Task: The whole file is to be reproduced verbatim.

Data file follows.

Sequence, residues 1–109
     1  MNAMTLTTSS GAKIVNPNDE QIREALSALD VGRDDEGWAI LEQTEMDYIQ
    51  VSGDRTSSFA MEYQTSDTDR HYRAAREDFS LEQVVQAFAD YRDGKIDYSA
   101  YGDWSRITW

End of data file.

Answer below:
Sequence, residues 1–109
     1  MNAMTLTTSS GAKIVNPNDE QIREALSALD VGRDDEGWAI LEQTEMDYIQ
    51  VSGDRTSSFA MEYQTSDTDR HYRAAREDFS LEQVVQAFAD YRDGKIDYSA
   101  YGDWSRITW